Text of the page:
Published on:

Court determined that father’s parental alienation actions required a modification in the custody order. Grabowski v. Smith, 123 N.Y.S.3d 313 (N.Y. App. Div. 2020)


The case of Grabowski v. Smith revolves around a custody and visitation dispute between petitioner mother Jacquelyn M. Grabowski and respondent father Jay Craig Smith, Jr. The Attorney for the Child (AFC), Kimberly M. Seager, also plays a pivotal role in the legal proceedings.

In custody or visitation proceedings, an AFC serves as the legal representative for the child involved. Unlike attorneys representing parents, the AFC’s sole allegiance is to the child’s best interests. This involves conducting an independent assessment of the child’s circumstances, preferences, and overall well-being. The AFC becomes the child’s voice in court, expressing their wishes, concerns, and advocating for outcomes aligned with their welfare. This representation is especially vital when the child’s interests may not coincide with those of the parents. The AFC’s responsibilities encompass legal counsel, courtroom representation, and ensuring the child’s views are considered in decisions. Ethical considerations guide the AFC, who must prioritize the child’s welfare, even if their preferences differ from what the AFC believes is in their best interests. Through these responsibilities, the AFC plays a pivotal role in safeguarding the child’s rights and ensuring their well-being remains paramount throughout the legal proceedings.

The legal saga unfolded under Family Court Act article 6, with the initial order establishing joint custody. In the subsequent modification, the court, although not explicitly citing a change in circumstances, independently reviewed the record. Findings indicated a significant change, including the deterioration of the parental relationship, the father’s violation of custody orders, and ongoing efforts to alienate the child from the mother. The 10-year old child stated that she wished to have no contact with the mother.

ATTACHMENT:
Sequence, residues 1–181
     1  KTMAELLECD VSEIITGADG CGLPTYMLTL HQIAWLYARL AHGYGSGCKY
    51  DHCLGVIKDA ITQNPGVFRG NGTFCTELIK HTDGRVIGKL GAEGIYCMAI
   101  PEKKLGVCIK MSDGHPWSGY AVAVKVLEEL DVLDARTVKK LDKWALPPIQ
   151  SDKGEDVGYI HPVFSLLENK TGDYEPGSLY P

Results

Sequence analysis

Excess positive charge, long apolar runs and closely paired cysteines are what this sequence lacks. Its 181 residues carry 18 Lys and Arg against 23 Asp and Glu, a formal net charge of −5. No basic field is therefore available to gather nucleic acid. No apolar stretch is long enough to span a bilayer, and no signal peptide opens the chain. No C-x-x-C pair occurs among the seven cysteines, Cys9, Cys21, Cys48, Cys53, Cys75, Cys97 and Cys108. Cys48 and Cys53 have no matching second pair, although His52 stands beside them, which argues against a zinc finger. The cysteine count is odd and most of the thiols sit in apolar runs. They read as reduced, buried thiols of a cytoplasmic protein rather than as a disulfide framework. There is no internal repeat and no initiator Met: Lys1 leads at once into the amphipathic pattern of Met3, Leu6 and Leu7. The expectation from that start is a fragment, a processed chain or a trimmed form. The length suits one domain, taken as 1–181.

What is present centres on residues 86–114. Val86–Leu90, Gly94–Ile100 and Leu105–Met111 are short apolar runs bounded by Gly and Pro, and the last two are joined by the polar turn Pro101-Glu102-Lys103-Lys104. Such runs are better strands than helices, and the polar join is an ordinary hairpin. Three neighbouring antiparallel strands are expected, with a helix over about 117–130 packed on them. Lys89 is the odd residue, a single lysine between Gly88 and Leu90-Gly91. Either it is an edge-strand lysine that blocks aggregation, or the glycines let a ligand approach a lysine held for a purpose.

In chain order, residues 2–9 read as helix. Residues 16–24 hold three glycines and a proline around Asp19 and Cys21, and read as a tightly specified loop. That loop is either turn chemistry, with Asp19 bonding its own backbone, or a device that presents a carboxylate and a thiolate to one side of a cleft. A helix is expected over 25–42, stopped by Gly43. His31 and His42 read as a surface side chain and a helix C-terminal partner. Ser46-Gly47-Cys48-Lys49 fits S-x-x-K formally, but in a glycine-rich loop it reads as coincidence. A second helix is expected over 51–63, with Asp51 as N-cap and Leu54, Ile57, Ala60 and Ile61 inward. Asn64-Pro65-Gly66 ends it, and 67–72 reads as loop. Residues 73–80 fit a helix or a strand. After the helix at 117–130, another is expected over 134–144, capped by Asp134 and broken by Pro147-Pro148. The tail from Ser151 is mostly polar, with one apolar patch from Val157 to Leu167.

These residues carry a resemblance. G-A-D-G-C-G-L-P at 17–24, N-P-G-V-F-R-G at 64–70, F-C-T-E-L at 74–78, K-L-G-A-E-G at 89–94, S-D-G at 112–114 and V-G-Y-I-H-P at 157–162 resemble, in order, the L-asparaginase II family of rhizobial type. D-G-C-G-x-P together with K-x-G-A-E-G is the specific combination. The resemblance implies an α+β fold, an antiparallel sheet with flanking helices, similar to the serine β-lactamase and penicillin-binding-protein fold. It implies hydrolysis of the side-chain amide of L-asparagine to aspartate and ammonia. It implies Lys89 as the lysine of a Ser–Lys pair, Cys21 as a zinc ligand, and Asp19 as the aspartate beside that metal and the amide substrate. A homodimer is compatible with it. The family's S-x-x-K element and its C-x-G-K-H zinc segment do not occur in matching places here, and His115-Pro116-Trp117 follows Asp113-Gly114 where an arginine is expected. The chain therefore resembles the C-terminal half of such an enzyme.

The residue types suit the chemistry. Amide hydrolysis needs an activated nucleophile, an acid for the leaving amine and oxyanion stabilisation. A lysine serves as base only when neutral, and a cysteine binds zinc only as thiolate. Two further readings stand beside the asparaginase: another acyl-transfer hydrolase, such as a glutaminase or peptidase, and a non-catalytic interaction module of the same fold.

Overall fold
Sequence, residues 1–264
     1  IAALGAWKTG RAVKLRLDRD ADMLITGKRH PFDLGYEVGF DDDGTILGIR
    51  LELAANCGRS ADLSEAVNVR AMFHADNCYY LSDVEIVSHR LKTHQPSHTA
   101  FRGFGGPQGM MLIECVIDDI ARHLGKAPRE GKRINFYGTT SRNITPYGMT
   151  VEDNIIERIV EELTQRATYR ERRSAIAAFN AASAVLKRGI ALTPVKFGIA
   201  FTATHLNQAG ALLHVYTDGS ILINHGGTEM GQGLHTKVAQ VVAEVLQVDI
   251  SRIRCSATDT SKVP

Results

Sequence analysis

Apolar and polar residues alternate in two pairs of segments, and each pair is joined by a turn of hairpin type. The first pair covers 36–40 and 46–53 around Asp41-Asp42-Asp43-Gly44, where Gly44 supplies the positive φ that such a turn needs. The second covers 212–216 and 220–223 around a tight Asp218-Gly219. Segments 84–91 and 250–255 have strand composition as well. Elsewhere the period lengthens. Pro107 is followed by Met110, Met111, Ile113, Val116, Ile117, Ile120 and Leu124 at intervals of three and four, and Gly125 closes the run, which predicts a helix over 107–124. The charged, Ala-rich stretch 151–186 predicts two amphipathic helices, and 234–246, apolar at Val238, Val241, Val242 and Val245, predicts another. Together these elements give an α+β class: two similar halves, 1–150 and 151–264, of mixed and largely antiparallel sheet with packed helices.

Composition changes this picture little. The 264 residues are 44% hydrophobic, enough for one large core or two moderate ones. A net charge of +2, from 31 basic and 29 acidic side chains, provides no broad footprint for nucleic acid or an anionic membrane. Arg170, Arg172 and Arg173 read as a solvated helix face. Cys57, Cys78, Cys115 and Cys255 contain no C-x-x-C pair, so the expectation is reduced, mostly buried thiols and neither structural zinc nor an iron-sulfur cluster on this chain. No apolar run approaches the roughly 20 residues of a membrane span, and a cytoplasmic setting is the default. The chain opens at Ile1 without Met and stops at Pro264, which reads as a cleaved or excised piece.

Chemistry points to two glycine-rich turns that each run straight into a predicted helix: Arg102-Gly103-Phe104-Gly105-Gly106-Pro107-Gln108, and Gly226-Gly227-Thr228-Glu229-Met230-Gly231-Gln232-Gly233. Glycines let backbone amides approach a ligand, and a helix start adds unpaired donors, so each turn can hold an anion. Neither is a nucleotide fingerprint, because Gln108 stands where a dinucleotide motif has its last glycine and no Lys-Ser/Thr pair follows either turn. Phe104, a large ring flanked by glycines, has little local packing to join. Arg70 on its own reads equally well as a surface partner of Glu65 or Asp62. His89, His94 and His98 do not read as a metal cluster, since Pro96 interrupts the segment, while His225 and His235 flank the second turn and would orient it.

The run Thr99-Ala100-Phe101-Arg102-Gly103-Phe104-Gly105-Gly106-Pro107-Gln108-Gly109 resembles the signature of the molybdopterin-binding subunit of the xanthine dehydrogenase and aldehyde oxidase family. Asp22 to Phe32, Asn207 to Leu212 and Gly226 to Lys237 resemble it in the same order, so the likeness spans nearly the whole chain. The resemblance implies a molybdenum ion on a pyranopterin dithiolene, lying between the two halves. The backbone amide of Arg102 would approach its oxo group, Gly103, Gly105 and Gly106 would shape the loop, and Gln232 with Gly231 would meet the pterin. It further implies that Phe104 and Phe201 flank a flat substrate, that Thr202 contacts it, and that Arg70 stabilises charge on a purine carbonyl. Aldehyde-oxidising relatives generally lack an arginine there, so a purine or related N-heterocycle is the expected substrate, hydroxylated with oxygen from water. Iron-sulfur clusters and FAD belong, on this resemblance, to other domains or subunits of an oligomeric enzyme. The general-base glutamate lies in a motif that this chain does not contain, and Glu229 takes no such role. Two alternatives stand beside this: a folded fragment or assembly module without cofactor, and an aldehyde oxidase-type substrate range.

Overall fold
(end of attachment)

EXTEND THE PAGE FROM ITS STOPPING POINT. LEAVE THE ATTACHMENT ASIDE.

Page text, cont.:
Parental alienation occurs when one parent deliberately undermines and sabotages the child’s relationship with the other parent. This psychological manipulation often involves negative comments, false accusations, or other behaviors that create hostility and estrangement between the child and the targeted parent. The goal is to influence the child’s perceptions, erode the bond with the targeted parent, and exert control over the child’s emotions and loyalties. Parental alienation can have detrimental effects on the child’s mental and emotional well-being, creating long-lasting challenges in their relationships and overall development. Courts may intervene to address parental alienation in custody disputes.

The primary issue addressed in the case pertains to the modification of the custody and visitation order. The court assesses whether the established criteria for a substantial change in circumstances are met and if such changes warrant a reassessment of the child’s best interests.

Holding and Discussion
The court unanimously affirmed the order, indicating that the modification aligns with the child’s best interests. The father’s actions, including alienation efforts and violations of court orders, led to the award of sole custody to the mother.

The court’s decision rests on a thorough evaluation of the deteriorating parental relationship and the father’s actions. Alienation and violation of custody orders were deemed detrimental to the child’s well-being. The AFC’s advocacy for the child’s best interests, even if contrary to the child’s wishes, was deemed ethically sound. Note that in this case the child had an trial AFC and an appellate AFC. The trial AFC recommended that the mother be awarded custody, contrary to the state wishes of the child. The appellate AFC recommended that the father retain custody– a desire that was consistent with the child’s stated wishes. However, the court reviewed the totality of the evidence and did not rely solely on the stated desire of the child or the recommendation of the appellate AFC.

The court’s determination to modify the custody order is supported by a substantial change in circumstances. The decision prioritizes the child’s welfare, considering the father’s actions as contrary to the child’s best interests. The case underscores the court’s commitment to ensuring a stable and supportive environment for the child, even if it necessitates a modification of custody arrangements.

Posted in: and
Published on:

Comments are closed.

Contact Information